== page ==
By this point, I was no longer able to go into work. Which for me, was the worst thing imaginable. I literally went from working 16 hours a day, working out 6 days a week, having dozens of projects in the pipeline, being very active socially, and loving the grind, to being totally incapacitated and dealing with health issues from the moment I woke up, till the moment I tried to go to sleep. It was pure agony. There was no longer any joy in my life… and then… like a ton of bricks, it hit me… There’s no way out. It feels so permanent. I am not going to get better. There’s only one thing left to do… I going to have to kill myself.

NOTE: If you are experiencing thoughts like this, please call the National Suicide Prevention Lifeline at 1-800-273-TALK (1-800-273-8255)

“How did this happen?”, I thought to myself, again. I worked so incredibly hard to build this amazing life, and overnight – it was ripped away from me. I had it all… I owned a restaurant, a nightclub, commercial properties, and marketing companies. I had a great income, enough savings to retire at the age of 44 (if I wanted). I had a great social life, people that cared for me, and an amazing staff that worked so hard to make my businesses and dreams successful. And now, none of it mattered. I was in so much pain, and I was suffering so terribly that I had come up with a plan to kill myself. In fact, I had gone as far enough to attempt it on several occasions, which I am not proud of. The only thing that stopped me was the thought of what my actions might do to my family and friends. It would be selfish of me to make my family go through that experience. That, and the extremely worrisome concern that I might attempt it and fail, leaving myself terribly maimed, and further disabled for life. The ONLY thing that kept me alive was the ever-fading fantasy that there might eventually be an end to my indescribable suffering. I can remember pleading with the universe… “PLEASE, take my arm, a leg … anything but this. Just let the dizziness and nausea stop. I’ll deal with the pain, but please, please, please I am begging you… just give me some type of normalcy so that I can function again!”. “I’ll be a better person. I’ll take more family trips; I’ll be sure to focus more on the important things in life and watch my stress levels. Whatever it takes… PLEASE”, I begged. No one listened.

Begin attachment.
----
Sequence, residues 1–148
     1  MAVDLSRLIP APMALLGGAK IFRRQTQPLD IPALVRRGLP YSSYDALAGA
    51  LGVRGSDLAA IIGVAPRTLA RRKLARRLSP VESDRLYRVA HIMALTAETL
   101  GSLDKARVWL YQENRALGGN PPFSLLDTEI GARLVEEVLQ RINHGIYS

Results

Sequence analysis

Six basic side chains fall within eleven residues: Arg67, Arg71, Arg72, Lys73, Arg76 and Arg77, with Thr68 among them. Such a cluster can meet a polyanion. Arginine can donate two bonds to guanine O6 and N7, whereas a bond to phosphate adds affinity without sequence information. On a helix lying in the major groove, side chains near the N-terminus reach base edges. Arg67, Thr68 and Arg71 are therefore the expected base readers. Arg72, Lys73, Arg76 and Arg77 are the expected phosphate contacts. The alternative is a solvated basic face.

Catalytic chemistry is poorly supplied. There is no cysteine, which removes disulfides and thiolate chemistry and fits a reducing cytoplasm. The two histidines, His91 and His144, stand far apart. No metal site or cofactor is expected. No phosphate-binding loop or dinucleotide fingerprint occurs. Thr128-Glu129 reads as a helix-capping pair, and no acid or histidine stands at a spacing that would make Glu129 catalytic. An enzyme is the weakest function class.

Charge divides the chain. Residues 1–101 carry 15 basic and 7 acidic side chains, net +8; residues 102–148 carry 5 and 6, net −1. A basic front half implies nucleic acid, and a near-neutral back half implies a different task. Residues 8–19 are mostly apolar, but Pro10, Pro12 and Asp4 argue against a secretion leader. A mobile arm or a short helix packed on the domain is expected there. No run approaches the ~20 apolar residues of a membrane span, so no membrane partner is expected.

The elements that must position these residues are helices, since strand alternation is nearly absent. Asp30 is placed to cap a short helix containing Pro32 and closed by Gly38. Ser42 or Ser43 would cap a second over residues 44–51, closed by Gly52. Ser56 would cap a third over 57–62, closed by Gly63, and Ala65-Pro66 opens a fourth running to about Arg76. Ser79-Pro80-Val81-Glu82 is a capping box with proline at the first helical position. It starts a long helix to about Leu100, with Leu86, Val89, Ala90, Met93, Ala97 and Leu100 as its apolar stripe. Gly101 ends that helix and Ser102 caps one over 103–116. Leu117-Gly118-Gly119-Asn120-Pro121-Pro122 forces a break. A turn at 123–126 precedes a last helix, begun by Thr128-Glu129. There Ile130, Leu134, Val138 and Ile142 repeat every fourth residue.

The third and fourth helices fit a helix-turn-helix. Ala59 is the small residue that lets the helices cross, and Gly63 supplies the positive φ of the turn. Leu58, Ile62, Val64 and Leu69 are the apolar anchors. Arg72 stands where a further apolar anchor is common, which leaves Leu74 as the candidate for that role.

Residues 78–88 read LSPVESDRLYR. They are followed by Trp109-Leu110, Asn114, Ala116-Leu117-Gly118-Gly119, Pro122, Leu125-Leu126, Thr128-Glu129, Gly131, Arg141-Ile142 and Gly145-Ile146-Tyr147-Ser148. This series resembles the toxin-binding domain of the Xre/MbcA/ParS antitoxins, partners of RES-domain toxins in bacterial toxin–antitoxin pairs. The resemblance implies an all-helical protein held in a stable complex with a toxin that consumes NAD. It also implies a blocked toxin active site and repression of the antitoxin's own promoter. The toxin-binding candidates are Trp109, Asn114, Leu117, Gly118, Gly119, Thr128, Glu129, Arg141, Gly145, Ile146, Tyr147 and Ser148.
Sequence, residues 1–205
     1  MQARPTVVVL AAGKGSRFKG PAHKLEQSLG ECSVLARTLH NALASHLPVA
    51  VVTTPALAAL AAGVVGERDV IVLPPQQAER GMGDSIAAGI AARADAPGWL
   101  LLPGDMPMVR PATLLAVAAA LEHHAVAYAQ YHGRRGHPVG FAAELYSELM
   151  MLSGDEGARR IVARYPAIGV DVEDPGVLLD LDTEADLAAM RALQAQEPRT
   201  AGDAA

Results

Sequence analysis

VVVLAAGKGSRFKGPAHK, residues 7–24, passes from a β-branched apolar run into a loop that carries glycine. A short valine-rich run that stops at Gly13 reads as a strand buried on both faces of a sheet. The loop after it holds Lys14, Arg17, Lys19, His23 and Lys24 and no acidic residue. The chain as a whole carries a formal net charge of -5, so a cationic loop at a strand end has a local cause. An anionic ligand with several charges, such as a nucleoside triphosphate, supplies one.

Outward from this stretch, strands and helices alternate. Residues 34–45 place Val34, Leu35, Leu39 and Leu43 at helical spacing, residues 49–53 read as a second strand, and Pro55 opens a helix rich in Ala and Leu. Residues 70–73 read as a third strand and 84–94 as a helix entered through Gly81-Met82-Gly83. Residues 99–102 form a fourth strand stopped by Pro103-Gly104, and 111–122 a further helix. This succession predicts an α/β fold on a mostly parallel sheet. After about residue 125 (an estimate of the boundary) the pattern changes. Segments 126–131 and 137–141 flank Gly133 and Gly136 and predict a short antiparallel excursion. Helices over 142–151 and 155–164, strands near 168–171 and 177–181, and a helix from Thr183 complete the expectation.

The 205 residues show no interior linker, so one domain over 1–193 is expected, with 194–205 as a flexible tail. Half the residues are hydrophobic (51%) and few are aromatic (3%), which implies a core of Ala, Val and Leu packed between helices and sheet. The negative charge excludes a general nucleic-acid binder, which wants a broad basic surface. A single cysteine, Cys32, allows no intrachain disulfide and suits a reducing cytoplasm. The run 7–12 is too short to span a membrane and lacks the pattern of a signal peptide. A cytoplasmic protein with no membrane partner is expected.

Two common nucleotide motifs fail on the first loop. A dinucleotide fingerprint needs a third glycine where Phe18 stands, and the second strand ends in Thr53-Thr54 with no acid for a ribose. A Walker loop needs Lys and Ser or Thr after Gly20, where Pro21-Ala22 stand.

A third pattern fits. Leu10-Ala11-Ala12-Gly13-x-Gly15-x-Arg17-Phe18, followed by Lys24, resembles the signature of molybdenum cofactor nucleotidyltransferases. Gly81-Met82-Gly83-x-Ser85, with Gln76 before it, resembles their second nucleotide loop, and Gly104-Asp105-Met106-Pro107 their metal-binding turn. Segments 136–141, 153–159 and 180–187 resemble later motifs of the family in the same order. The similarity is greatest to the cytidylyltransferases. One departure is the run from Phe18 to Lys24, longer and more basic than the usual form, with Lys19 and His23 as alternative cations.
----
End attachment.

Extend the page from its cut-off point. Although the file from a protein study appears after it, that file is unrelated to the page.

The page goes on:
No doctor was able to diagnose me. I had no clue what was happening to me so I clung on to the hopes that this was long-covid and that I would soon get better, as most of the research described. I had read that one of the major side effects of long-covid was anxiety and depression. Over the course of the next few months, I would discover several online national psychiatry networks like,, and After telling the online psychiatrists my story, they were pretty much willing to prescribe me with anything to see if it could produce results.